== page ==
God is revealed to man not only as the wisdom of the world but also as its beauty. This means first of all that beauty experienced by man is not only a subjective human feeling which can perhaps claim to exist only as fashion of the moment. Beauty is an objective principle in the world revealing to us the divine glory.
This is the connection of beauty and glory which I think is interwoven subtly in the scriptures.
Of course, because we live in a fallen world, this experience of beauty is a bittersweet one. Bulgakov also writes about the pain of experiencing the beauty of Eden in a non-Eden place.
Edenic beauty in non-Eden in the kingdom of the prince of this world is to a certain degree theft and forgery, and thus it bites like a snake and ruins with its sweet poison. The adulterous woman clothed in satanic beauty opposes the woman clothed in the sun. Both of them compete and agonizingly struggle in the souls of men and women who have lost Eden but have not forgotten it and always pine for it. Languor on account of beauty, the torment of beauty, is the howl of the whole universe.
Only a Russian could write this stuff.
So, the world’s beautiful but broken and we’re kind of torn between these two things. What does art do? Here’s what Bulgakov says:
Art sees not the outward but the inward aspect of the object. It looks for the primordial idea of the object, an idea which is sometimes but slightly and dimly discernable through the outward covering. Things are transfigured and made luminous by beauty. They become the revelation of their own abstract meaning. And this revelation through beauty of the things of the earth is the work of art. The world as it has been given to us has remained as it were covered by an outward shell through which art penetrates as if foreseeing the coming transfiguration of the world.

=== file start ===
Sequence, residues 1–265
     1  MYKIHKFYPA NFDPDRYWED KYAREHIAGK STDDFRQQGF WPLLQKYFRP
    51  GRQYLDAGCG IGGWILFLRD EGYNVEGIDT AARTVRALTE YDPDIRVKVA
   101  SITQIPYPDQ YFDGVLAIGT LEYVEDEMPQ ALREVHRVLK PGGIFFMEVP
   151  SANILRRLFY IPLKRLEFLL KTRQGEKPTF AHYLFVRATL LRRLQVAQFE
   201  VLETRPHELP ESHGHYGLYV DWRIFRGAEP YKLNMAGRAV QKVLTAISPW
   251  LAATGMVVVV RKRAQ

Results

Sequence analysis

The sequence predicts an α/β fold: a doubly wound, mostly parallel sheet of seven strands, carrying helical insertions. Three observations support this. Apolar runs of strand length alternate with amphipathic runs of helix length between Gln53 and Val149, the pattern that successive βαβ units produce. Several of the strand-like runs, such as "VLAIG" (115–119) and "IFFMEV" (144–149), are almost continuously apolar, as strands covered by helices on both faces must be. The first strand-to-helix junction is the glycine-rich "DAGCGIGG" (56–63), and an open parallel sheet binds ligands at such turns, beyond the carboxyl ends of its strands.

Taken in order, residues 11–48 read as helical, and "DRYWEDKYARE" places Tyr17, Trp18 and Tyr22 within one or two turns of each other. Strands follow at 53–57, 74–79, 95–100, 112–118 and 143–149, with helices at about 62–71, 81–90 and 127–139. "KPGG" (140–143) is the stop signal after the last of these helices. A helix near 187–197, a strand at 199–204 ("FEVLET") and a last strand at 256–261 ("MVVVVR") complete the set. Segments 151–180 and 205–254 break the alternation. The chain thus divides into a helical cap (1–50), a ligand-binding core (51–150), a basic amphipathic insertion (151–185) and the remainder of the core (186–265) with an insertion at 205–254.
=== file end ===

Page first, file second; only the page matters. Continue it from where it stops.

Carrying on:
Bulgakov uses the word transfiguration quite deliberately, alluding to Jesus on the mountain when he is temporarily transformed so that his disciples see the divine glory radiating out of him. Art, amongst other things it might do, helps capture the glory resident within creation, and bring it out into an artifact. That way we can really appreciate what God has intended creation to be.
I am a visual artist, a painter. When I’m painting my mantra is, “By the power of your spirit, to the glory of your name.” I’m not looking at anything generally when I’m painting, so it really is a question of having faith that God will produce something out of what I’m trying to produce.
Artists tend to like the phrase, “Trust the process.” Abstract artists particularly like the phrase, “Trust the process.” For me it’s trusting God in the process, that something will come out of it that doesn’t end up in the trash can.
I direct theatre. The thing that I’ve enjoyed most about directing is it allows me to bring out the best in others. That’s what I really love. When I can work with a student, or an actor, or a musician and help them bring out gifts that they have, nothing brings me more joy. I don’t need to be in front. I love watching those people do their thing because I really believe that’s how God works and how his spirit works.
I have struggled to find support within the church for the work I do. Perhaps the most difficult times I’ve had as an artist have not been from any kind of secular critics but from the church. In the theatre if you say a certain word or portray a certain situation and you get letters, you get calls. I’ve been called a demon. I’ve been said to be unsaved because of certain productions I’ve put on.